French Singer Charles Aznavour Dies at 94; Family Saved Jews from Nazis

Charles Aznavour was honored in Israel for his family’s efforts to protect Jews and others persecuted by the Nazis during World War II.

French singer Charles Aznavour, who stole the hearts of millions with decades of haunting love songs, has died aged 94, his spokeswoman said on Monday.

Aznavour passed away overnight at one of his homes, in the village of Mouries north of the French port city of Marseille.

The singer, who sold more than 100 million records in 80 countries, began his career peddling his words and music to the Paris boulevardiers of the 40s and 50s: Edith Piaf, Maurice Chevalier, Charles Trenet.

The singer had planned to go back on tour later this month, starting with a concert in Brussels on October 26, according to a Times of Israel report.

He was scheduled to play in Tel Aviv next July, having played a hugely successful concert there last year. On that visit, he was honored in Israel for his family’s efforts to protect Jews and others persecuted by the Nazis during World War II. He received the honor from Israeli President Reuven Rivlin, who spoke of his love of Aznavour’s music, saying “La Boheme” was his favorite song.

Rivlin presented him with The Raoul Wallenberg Award, named for the Swedish diplomat who helped thousands of Jews flee Nazi-controlled Hungary during World War II, according to the Times of Israel report. Aznavour’s family “hid a number of people who were persecuted by the Nazis, while Charles and his sister Aida were involved in rescue activities,” Rivlin’s office said.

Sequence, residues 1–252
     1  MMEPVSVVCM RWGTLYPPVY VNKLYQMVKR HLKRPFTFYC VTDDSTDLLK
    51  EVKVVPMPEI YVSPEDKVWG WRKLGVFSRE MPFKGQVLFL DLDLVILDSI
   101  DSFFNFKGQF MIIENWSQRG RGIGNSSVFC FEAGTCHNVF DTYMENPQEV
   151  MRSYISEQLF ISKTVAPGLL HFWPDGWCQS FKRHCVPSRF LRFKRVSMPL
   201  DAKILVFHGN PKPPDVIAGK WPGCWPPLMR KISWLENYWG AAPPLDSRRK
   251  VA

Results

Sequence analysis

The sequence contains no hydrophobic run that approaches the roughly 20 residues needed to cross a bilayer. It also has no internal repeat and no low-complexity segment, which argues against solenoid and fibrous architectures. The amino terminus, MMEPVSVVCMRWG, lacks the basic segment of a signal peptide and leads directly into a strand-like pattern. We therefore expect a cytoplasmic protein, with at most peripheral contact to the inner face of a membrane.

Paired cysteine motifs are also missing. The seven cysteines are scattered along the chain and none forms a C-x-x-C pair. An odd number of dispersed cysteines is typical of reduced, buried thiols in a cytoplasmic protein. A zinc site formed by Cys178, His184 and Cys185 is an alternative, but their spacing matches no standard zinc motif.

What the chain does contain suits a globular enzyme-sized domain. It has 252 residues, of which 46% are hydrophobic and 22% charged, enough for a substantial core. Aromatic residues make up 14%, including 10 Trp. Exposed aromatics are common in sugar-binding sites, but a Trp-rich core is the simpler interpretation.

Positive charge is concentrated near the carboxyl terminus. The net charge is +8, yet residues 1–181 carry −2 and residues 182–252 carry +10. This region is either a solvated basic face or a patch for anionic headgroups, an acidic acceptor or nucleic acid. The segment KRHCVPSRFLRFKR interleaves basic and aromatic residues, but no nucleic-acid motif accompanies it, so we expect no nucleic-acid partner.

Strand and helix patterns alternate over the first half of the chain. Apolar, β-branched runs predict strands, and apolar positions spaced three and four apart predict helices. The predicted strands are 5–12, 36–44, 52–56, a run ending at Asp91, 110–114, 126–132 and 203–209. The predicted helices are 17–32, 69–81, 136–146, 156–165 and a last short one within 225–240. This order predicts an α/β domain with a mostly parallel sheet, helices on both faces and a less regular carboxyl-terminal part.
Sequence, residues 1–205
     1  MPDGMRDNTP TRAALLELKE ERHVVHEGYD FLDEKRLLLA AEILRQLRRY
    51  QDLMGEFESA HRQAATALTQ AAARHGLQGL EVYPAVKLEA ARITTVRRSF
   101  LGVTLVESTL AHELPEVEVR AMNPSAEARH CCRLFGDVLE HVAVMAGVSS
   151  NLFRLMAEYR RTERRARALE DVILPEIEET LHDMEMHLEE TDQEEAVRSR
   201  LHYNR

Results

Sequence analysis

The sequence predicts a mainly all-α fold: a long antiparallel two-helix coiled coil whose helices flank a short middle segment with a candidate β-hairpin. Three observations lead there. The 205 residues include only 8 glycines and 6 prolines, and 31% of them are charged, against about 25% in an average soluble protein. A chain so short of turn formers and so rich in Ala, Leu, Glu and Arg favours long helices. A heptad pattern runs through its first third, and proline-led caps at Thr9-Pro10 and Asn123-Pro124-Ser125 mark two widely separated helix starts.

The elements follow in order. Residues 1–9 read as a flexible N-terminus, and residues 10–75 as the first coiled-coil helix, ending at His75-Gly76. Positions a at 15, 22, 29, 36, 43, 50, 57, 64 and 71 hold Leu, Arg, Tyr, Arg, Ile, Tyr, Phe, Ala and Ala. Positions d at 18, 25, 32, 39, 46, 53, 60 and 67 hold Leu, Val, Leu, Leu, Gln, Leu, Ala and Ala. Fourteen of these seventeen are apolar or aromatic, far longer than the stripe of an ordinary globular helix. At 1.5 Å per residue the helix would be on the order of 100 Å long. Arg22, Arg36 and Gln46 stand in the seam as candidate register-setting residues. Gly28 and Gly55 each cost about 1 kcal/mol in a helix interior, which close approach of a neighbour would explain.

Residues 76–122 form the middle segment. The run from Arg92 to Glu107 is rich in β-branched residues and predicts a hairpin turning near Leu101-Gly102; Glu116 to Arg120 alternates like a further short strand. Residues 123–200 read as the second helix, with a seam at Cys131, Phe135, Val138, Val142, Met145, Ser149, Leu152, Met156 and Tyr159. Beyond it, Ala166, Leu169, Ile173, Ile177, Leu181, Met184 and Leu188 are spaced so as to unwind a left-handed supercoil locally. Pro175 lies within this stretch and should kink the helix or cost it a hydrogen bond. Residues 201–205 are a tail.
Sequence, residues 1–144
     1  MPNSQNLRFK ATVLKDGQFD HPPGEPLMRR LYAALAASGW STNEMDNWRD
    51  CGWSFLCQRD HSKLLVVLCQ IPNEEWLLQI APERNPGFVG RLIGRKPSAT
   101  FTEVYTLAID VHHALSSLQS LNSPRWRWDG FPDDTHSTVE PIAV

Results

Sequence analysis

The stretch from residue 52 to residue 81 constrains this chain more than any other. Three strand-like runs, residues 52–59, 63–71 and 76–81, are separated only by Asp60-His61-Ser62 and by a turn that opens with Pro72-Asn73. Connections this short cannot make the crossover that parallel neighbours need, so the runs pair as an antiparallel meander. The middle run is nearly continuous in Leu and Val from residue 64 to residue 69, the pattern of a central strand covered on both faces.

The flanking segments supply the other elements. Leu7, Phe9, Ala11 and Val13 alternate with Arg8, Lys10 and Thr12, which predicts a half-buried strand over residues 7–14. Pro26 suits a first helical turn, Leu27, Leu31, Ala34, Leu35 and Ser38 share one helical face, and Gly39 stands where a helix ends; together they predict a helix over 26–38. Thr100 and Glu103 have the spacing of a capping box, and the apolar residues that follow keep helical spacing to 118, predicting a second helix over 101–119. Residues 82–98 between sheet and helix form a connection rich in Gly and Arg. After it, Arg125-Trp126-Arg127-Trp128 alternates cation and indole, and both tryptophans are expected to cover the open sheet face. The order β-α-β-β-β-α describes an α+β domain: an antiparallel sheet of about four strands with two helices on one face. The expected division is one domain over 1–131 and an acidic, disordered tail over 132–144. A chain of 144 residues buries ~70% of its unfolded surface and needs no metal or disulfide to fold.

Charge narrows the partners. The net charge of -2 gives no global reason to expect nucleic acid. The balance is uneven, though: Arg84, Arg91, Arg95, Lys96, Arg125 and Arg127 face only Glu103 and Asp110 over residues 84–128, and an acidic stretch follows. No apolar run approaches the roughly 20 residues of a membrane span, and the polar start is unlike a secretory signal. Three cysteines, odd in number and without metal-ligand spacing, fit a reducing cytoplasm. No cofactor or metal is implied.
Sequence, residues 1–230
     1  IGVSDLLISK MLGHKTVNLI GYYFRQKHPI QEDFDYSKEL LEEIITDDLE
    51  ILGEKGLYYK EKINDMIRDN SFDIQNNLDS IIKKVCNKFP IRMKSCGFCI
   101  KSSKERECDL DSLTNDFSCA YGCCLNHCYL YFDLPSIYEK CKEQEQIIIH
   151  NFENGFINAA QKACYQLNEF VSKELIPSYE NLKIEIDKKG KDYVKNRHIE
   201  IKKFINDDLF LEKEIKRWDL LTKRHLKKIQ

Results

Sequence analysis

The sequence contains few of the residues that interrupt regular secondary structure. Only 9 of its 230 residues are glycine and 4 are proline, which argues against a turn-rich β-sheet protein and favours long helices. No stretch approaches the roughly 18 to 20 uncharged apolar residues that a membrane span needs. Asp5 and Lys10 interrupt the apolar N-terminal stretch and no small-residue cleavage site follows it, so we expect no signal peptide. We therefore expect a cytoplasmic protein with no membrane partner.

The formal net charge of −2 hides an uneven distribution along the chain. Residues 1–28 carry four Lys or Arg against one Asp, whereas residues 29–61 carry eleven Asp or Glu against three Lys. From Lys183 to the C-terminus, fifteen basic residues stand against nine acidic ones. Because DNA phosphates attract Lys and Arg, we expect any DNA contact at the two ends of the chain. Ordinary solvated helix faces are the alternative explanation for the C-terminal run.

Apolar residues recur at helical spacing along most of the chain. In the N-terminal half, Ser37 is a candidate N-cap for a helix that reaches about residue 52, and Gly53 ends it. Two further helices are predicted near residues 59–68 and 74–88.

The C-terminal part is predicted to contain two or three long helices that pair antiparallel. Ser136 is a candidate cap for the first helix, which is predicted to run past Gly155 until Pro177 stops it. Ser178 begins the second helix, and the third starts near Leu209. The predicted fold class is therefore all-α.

“We have so many things in common, the Jews and the Armenians, in misfortune, in happiness, in work, in music, in the arts and in the ease of learning different languages and becoming important people in the countries where they have been received,” Aznavour said at the time.

Sometimes described as France’s Frank Sinatra, Aznavour was born in Paris on May 22, 1924, to Armenian parents — his birth name Shahnour Aznavourian.

He grew up on Paris’ Left Bank and began performing at the age of nine. His father was a singer, cook and sometime restaurant manager, and his mother an actress. His first public performances were at Armenian gatherings where his father and older sister Aida sang and Charles danced.

Short in stature at 160 cm (five foot three inches), Aznavour possessed a magnetic stage presence that brought rapt audiences to their feet at venues such as the Olympia in Paris and New York’s Carnegie Hall.

Fans admired his mature storytelling ability and quavering vibrato voice, rich in sensitivity and range.

“I have the kind of voice that gels with the type of songs I write,” wrote Aznavour in his biography.

His ability to perform in French, Spanish, English, Italian and German helped.

As a student, French President Emmanuel Macron was a big fan of Aznavour and sang his songs at karaoke nights, according to former classmates.

But it became evident that Aznavour himself best interpreted the bittersweet emotions of such songs as “Hier Encore” (Yesterday When I Was Young), “Apres l’Amour” (After Love) and “La Boheme”. Others were “She” and “Formidable”.

In his autobiography, “Aznavour by Aznavour”, he recalls that after a period trying to play the role of a tough guy, he was goaded one evening into climbing on the bandstand to sing.

“There, I had a revelation. I saw that the girls looked at me much more, their eyes moist and their lips apart, than when I played a terror… I was only 15 or 16, but I understood,” he wrote.

By: Edmond Taylor

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